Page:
It Pays to be Involved in Your Communitypublished Apr 11, 2017 2:00pm
I have had the opportunity to tour a flood disaster area with the governor and local officials, hang out on the floor of the state House and Senate during session, and have dinner (twice) with a U.S. Senator. Each of these opportunities has allowed me to share the perspective of a geoscientist with the people who make decisions on our behalf and speak to specific bills and policies that impact education and the geosciences. These opportunities (and more) are the fruit of being active in my local community and getting to know the local leaders when I wasn't asking for anything but rather offering my assistance in areas well beyond geology.
One of the difficulties facing many geologists as they respond to scientific controversies in their communities is a lack of trust. Controversies such as removal of evolution from the local school curriculum rarely arise overnight, and if we choose to wait until "disaster" is staring us in the face, our reactions will range from tut-tutting in the halls at work to sending out fiery missives to local papers and officials or even taking on the role of the educated knight riding in to save the community from the uneducated and underinformed dragons! However, it should be no surprise that such last-minute efforts are often not well received by people who have been involved for months or even years developing the policies we are determined to rectify.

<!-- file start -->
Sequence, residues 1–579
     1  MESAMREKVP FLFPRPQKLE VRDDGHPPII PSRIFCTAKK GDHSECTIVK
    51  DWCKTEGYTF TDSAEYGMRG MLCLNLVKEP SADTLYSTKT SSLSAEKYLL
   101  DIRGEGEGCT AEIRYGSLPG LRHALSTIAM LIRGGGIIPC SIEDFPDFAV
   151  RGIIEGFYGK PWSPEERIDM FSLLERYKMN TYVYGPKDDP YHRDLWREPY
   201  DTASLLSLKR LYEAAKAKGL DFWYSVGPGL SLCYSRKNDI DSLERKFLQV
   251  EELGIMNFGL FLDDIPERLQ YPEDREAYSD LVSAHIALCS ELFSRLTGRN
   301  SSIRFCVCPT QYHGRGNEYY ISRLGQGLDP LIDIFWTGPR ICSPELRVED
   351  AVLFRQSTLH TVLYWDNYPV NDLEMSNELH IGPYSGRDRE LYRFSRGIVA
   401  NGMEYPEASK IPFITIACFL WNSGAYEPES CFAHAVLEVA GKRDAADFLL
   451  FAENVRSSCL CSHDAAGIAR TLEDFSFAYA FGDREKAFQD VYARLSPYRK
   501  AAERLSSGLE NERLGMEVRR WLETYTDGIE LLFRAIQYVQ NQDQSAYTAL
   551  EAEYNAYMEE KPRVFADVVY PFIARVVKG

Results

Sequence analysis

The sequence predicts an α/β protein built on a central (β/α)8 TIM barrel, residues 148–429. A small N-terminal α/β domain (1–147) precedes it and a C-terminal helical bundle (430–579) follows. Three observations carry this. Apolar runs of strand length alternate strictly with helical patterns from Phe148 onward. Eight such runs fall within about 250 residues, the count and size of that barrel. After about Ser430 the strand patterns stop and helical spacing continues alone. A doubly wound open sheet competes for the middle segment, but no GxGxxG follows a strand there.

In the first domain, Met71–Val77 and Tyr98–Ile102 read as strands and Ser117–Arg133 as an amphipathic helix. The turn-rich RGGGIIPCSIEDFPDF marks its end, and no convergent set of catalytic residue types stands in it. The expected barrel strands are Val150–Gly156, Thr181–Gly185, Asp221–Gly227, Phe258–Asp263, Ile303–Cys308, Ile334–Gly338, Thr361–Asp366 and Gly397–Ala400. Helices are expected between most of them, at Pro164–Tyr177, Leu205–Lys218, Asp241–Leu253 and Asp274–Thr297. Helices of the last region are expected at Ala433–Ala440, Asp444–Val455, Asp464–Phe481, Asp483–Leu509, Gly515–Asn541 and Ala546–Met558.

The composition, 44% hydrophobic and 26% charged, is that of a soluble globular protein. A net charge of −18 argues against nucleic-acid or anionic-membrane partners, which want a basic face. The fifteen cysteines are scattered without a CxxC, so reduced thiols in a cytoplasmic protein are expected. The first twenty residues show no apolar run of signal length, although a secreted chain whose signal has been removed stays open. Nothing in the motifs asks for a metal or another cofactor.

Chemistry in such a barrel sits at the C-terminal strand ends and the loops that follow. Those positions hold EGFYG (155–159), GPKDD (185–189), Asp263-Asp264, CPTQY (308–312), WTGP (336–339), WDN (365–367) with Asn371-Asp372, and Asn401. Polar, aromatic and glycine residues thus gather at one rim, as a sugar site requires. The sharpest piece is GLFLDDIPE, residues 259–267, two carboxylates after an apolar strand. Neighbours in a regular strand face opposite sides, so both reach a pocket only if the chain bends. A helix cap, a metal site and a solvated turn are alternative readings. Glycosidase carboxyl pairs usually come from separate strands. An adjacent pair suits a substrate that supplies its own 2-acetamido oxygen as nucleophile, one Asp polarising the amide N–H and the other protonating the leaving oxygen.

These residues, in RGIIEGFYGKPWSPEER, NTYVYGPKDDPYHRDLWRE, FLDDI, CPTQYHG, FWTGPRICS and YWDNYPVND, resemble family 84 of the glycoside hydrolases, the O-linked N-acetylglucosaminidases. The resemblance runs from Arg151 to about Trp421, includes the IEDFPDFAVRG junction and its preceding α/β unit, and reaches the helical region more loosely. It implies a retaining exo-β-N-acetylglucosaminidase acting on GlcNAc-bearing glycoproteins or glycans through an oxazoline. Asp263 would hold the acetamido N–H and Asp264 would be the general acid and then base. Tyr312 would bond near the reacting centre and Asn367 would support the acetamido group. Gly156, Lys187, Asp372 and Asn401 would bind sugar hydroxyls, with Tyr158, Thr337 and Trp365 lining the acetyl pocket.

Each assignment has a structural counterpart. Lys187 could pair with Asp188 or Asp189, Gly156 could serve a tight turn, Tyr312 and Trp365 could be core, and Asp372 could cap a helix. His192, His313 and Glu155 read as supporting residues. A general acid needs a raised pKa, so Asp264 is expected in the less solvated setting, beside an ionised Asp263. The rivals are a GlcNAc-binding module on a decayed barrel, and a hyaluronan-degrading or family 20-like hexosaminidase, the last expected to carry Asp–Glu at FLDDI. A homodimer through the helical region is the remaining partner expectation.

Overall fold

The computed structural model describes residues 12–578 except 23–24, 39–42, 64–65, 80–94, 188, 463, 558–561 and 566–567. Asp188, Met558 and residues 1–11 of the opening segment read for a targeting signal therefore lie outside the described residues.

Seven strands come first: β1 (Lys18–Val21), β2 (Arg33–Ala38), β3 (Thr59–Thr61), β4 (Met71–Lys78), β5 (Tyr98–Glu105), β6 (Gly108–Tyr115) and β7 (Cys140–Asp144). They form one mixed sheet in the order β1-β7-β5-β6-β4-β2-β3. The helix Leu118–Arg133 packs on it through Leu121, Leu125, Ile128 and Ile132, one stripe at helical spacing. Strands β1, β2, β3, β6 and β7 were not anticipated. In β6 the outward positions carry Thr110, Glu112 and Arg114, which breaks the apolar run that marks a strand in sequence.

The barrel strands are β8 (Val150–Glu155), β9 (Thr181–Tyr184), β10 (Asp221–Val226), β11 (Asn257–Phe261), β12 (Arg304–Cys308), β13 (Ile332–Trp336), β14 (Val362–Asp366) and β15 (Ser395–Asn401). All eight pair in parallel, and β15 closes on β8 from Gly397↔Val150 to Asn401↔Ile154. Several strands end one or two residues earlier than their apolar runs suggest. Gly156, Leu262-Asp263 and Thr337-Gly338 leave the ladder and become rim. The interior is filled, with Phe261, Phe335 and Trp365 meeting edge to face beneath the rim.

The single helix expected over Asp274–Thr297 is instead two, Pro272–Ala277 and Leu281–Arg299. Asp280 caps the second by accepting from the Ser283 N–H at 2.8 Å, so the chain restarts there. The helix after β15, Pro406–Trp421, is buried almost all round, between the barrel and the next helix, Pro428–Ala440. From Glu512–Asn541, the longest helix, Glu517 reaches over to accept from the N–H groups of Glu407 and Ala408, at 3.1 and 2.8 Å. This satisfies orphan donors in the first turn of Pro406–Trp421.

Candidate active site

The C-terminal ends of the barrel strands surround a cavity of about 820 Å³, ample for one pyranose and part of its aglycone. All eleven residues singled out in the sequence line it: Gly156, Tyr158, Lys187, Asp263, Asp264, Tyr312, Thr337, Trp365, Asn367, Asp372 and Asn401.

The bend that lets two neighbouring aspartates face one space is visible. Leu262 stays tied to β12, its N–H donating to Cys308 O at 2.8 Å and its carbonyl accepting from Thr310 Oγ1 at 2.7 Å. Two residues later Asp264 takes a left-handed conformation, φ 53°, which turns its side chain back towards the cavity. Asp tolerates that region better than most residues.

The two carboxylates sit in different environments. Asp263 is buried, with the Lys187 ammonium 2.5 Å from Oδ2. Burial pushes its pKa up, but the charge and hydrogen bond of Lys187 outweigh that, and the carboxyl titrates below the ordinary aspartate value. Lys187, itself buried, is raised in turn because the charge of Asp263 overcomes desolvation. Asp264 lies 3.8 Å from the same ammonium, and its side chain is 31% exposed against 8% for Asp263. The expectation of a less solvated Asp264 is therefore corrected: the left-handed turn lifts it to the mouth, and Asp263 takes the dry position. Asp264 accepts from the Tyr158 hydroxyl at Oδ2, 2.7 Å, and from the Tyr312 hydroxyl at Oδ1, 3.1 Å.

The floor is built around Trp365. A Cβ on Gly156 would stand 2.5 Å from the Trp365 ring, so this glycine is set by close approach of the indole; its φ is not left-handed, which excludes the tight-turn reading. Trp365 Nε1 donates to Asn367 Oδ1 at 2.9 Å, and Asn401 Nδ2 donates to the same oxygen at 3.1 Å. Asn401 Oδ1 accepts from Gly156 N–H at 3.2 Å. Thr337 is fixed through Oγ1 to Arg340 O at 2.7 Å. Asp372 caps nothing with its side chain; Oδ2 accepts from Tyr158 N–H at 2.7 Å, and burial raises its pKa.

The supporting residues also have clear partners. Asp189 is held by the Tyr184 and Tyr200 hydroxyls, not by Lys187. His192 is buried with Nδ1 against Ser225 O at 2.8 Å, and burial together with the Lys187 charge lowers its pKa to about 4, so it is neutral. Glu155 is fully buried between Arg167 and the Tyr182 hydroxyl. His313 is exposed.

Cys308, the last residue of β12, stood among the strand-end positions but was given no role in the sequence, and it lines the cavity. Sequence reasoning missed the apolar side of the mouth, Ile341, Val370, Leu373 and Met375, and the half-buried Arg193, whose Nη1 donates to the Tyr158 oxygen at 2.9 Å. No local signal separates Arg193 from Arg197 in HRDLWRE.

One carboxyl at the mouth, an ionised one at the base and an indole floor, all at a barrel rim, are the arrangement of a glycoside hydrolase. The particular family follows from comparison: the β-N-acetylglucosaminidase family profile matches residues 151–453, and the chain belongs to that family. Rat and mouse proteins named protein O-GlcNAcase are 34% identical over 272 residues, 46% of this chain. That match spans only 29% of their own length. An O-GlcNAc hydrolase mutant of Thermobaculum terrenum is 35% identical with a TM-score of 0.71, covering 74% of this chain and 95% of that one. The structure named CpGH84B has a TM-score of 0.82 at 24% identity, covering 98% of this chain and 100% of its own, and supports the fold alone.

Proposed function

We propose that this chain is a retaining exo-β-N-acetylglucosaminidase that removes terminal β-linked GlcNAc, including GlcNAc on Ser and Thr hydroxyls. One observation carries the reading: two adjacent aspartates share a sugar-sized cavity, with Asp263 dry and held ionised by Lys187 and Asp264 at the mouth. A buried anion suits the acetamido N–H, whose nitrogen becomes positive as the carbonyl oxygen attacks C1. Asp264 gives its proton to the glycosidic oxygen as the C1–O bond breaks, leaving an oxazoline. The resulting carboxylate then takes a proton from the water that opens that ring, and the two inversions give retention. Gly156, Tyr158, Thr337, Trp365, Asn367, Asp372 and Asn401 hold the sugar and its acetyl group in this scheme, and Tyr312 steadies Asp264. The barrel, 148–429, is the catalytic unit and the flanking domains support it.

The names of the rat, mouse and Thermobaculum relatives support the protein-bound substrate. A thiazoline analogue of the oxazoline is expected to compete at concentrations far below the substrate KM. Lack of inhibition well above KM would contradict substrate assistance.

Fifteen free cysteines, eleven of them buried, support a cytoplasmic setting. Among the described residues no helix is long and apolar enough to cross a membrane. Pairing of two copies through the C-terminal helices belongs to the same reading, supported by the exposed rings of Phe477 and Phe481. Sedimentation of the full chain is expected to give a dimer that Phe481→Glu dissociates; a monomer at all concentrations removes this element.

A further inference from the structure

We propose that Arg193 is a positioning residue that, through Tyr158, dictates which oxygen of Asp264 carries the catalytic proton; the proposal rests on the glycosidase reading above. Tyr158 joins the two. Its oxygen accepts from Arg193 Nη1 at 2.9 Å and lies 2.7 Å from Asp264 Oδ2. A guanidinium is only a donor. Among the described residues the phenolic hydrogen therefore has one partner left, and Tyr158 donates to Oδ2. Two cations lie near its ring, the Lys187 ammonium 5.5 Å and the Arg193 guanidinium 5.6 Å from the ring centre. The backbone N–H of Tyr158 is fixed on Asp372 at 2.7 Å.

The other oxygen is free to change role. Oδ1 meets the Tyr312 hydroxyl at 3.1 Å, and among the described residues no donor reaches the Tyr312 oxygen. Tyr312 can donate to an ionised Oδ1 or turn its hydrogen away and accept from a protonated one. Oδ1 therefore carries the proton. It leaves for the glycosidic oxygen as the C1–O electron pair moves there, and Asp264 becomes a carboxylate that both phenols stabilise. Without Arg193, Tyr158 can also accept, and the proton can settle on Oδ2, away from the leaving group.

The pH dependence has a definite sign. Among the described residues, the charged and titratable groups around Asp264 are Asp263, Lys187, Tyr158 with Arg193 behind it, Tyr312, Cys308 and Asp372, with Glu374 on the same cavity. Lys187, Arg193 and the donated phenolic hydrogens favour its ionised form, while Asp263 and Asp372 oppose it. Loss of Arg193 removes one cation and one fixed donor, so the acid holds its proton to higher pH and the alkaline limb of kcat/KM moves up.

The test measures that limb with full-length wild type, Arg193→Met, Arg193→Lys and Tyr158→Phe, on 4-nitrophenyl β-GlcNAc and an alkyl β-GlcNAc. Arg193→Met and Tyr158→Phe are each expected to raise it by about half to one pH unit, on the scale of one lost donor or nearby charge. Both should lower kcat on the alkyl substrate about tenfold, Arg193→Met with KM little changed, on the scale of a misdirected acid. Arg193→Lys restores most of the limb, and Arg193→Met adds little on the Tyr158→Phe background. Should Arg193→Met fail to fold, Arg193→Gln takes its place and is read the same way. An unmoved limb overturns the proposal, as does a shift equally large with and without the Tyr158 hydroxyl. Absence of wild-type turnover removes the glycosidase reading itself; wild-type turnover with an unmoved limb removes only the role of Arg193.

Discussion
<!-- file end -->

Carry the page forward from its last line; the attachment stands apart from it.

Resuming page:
A much more effective approach is to be a part of the process from the beginning. Becoming an active member of a local board or civic organization allows the scientist to establish a good reputation and presents opportunities to participate in the development of community policy instead of reacting to the announcement of policies that are counter to good science. When scientists are involved in their local communities on a more consistent basis in a variety of roles, they can participate in developing solutions as a trusted insider when potential controversies arise.The social networks within a community have long been an important source of policy. Unfortunately, in today's mobile society, it is common for professionals to move into a community but not become part of its social or decision-making structure. Taking the time to identify, join, and participate in community organizations such as youth sports, professional and social clubs, school support organizations, and other groups helps build strong communities, allows participants to be more informed and build personal relationships.
There is never time to do everything, but the variety of options allows each of us the opportunity to work within our own comfort zone.
- As educators, one of the most logical things to do is to look for opportunities to educate. Children are always a curious and enthusiastic audience. Visiting local classrooms is not only a good way to support local schools, but it is a recruitment tool and can also be a great experiential opportunity for our students. When parents are present, I make sure to talk to them as well as the children.
- There are also many opportunities to educate adults by giving presentations to professional and civic organizations, clubs, libraries. This is a great way to establish your expertise with people who are already interested in knowing more about the earth, and it often leads to invitations to other opportunities. There is always time before, during, and after to have causal discussions about related topics and community activities and concerns.